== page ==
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Wednesday, December 20, 2006

The Bard was 1337

So, I just read an article about how reading Shakespeare improves brain functioning. Specifically, it states that Shakespeare's re-purposing of common words in different forms (ie. verbing nouns) causes a positive excitement in certain parts of the brain (measured via EEG), as compared to negative reactions to non-Shakespearean sentences that made no sense at all. In other words, Shakespeare makes you smarter.

Interestingly, this re-assignment of words and their meaning within appropriate context is also a hallmark of what is commonly referred to as "l33tspeak" (pronounced "leet-speak"). I'm not going to go into a history of l33tspeak, but suffice it to say that most teen geeks who know most of their friends only by their online or game names are quite proud of their l33tspeak abilities. And, as I said, similar to Olde Bill, verbing nouns is one of the grammatical foundations of l33tspeak.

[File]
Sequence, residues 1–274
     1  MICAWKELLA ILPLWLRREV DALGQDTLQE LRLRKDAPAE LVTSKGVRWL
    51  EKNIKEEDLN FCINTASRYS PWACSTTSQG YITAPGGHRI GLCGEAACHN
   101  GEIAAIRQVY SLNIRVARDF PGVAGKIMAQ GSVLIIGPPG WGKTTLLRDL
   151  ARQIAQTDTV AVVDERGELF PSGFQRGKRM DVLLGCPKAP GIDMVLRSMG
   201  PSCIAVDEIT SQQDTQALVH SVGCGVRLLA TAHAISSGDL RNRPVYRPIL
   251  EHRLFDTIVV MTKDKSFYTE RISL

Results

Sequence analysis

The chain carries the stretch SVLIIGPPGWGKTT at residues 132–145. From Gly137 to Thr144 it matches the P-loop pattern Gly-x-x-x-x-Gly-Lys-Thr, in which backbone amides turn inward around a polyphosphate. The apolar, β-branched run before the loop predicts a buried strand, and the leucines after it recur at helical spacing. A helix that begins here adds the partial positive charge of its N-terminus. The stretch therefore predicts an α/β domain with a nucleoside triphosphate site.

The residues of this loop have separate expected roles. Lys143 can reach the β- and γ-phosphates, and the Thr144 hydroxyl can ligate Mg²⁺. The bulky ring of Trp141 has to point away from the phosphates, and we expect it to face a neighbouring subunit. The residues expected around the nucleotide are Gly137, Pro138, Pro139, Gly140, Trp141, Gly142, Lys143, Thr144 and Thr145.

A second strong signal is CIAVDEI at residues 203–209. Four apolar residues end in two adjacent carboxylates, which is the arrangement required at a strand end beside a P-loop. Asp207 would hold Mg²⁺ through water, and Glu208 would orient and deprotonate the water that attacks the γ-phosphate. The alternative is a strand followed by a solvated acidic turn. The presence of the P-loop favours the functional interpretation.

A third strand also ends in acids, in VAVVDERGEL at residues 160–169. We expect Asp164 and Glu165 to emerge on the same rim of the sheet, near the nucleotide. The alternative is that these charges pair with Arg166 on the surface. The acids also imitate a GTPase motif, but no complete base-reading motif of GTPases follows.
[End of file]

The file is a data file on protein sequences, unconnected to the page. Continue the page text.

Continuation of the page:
Somehow, I think that most l33t h4x0rs would be mortified to discover they were imitating The Bard of Avon. Here's Shakespeare to the h4x0rs:

"But soft, you've been pwnd!"